Weekly football conversation since 2009, with Graham Sibley, Jan Bilton and Terry Duffelen. Listen on Apple, Google, Spotify, Stitcher, TuneIn or your podcatcher of choice.

The man who saved England

On last Sunday's Sportsweek (BBC Radio Five Live), Daily Mirror journalist Oliver Holt called Paul Gascoigne the “father of modern English football” or words to that effect. He argued that much of English football's current success is down to Gazza, referring specifically his exploits in an England shirt in 1990 and '96.

It is hard to imagine the man with a penchant for false breasts, bad wind and alcoholism as being the father of anything frankly. However, Holt’s comment struck a chord and echoes a view that I, and perhaps others, hold that the game’s rebirth began in Italy in 1990 and paved the way for the “whole new the ball game” that became the Premier League.

By common consent, English football was in a terrible state in the 1980's. The disgrace and indignity that followed the Heysel Stadium disaster in 1985 led to a ban on all English clubs in European competition. Starved of the experience of continental football styles and players, England went down a tactical cul de sac. Football had a reputation for being something watched by violent people inhabiting fenced in stadia watching long ball football. The game was distrusted by regular folk and despised by the Government. In 1989, the spirit crushing, devastating tragedy of Hillsborough shook the nation. By Italia '90, football was pretty much at its lowest ebb in England. Four weeks later it had almost completely transformed.

There is no history lesson required. We all know what happened. Somehow, England managed to escape their group, break Belgian hearts, survive the shock of their lives against Cameroon and eventually meet their match against West Germany in the semi-final. We Englanders love a good defeat and the penalty shoot-out against the “ruthlessly efficient” Germans (who were the best team in the tournament in my view) was the very essence of great English heroic failure. And at the centre of it all was Gazza, his skills, his passion, his desire, his yellow card and of course his tears.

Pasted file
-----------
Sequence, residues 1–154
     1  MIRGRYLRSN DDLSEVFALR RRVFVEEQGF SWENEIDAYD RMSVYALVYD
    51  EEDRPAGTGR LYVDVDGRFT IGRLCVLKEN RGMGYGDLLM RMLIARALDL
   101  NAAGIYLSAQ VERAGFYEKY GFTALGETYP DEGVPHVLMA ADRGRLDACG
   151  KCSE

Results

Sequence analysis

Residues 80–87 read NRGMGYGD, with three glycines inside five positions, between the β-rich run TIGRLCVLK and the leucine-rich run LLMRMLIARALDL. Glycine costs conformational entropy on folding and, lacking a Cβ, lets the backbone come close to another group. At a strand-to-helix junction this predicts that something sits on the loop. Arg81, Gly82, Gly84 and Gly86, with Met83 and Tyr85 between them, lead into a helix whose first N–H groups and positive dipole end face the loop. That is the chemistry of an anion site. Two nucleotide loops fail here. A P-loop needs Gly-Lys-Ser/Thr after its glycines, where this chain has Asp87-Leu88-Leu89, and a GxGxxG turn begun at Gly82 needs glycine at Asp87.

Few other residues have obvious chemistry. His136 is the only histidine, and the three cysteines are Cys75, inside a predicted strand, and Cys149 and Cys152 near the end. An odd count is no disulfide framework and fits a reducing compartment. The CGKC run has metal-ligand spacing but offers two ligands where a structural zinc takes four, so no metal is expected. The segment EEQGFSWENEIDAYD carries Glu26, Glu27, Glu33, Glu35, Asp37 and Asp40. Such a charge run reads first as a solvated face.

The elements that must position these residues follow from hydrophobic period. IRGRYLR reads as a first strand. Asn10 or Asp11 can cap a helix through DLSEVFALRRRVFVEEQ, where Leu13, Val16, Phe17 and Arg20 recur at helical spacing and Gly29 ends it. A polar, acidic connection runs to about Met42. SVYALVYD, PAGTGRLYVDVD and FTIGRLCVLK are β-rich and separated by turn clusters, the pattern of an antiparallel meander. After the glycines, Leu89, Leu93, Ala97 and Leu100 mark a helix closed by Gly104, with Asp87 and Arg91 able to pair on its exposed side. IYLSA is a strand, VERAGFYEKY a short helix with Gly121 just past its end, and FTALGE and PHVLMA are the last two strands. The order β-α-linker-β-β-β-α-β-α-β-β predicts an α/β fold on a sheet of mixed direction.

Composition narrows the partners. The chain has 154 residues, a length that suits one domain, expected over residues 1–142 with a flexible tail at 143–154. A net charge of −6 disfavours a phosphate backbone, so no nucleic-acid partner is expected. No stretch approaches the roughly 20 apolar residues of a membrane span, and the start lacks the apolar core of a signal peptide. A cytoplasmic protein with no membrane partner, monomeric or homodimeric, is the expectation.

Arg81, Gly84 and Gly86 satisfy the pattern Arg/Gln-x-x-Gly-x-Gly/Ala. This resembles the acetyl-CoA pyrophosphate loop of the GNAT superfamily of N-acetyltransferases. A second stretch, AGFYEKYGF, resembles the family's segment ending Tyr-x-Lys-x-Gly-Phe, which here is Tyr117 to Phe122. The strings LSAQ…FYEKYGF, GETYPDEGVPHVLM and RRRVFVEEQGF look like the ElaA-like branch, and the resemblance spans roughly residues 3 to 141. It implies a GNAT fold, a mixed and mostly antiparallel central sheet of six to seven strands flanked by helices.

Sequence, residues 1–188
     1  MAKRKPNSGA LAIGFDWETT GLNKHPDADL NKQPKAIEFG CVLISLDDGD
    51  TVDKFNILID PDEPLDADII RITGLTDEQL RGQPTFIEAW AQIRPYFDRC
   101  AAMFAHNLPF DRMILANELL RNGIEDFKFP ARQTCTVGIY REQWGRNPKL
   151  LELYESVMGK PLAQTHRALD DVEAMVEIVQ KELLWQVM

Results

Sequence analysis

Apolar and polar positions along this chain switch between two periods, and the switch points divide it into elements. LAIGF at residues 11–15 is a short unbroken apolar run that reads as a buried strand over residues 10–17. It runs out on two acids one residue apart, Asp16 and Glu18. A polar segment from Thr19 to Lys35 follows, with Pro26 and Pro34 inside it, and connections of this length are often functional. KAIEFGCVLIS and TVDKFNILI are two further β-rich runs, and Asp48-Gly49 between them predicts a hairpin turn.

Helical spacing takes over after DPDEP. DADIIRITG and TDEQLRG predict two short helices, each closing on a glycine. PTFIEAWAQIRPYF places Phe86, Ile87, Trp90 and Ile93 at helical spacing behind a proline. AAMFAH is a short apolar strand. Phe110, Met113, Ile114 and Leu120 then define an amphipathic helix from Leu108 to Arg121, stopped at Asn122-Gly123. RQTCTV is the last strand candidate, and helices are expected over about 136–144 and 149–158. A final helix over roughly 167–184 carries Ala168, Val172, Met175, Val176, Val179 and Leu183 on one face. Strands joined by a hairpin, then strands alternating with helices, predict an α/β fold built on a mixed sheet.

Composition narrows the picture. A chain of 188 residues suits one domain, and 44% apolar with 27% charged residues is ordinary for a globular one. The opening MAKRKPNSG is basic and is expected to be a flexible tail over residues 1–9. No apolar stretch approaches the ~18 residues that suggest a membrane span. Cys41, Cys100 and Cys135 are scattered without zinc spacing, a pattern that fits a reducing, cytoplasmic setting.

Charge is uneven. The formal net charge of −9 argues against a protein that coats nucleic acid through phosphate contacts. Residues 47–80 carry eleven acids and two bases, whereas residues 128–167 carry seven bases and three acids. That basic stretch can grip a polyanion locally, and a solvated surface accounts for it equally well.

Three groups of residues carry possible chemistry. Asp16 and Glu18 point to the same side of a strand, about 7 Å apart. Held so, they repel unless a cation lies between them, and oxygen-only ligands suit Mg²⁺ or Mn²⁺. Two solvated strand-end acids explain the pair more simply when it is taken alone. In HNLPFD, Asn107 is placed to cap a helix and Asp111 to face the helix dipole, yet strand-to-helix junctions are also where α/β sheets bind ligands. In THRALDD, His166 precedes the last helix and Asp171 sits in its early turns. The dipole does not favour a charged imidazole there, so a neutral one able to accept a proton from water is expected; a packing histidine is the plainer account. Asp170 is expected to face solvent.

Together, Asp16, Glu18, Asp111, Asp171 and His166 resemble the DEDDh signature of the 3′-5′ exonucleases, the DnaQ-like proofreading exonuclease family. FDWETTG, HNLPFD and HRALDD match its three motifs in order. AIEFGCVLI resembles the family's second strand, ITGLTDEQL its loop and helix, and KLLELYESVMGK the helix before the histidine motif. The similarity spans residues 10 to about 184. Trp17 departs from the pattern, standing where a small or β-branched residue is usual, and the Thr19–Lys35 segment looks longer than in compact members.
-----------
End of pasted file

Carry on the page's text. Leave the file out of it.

Optimists like to think that England could have gone on to win the World Cup against Argentina. The South Americans, had jammed their way through the tournament and were seen as unworthy finalist. An England v Argentina final would have been the Gran Classico to end them all and a chance at revenge for the Hand of God in '86. In my opinion this is deeply unlikely, largely because of Gazza and his yellow card. He would have been suspended for the final and we’d have lost.

Gazza and his chums returned from Italy to a hero’s welcome. White Hart Lane was a sell out and suddenly people were watching matches and talking about the game. The years that followed included the Taylor Report, all-seater stadium, the Premier League, Kevin Keegan’s Newcastle, Euro 96 (starring the man himself), David Beckham, the “golden generation”, spiralling ticket prices, too much football on telly, Richard Keys, world class players and the general hoop-la that has made English football so popular that it can barely contain its imperialist ambitions. And the man who kicked it all off was Gazza and that picture at the top of this page.

So yes, in that respect Paul Gascoigne is the Father of English Football. OK so he is not responsible for making it what it is but he does symbolise the re-engagement of the nation's love of this most beautiful of games and without that, none of what followed would have occured. It's sad that while, billionaire entrepreneurs seek to expand the league beyond it's shores and WAG toting millionaire players find themselves on the front pages of the tabloids for their indiscretions and excesses, the man who was there at the start of this circus trail should find himself under lock and key at the State’s behest struggling with his sanity. Lets hope he gets better soon.

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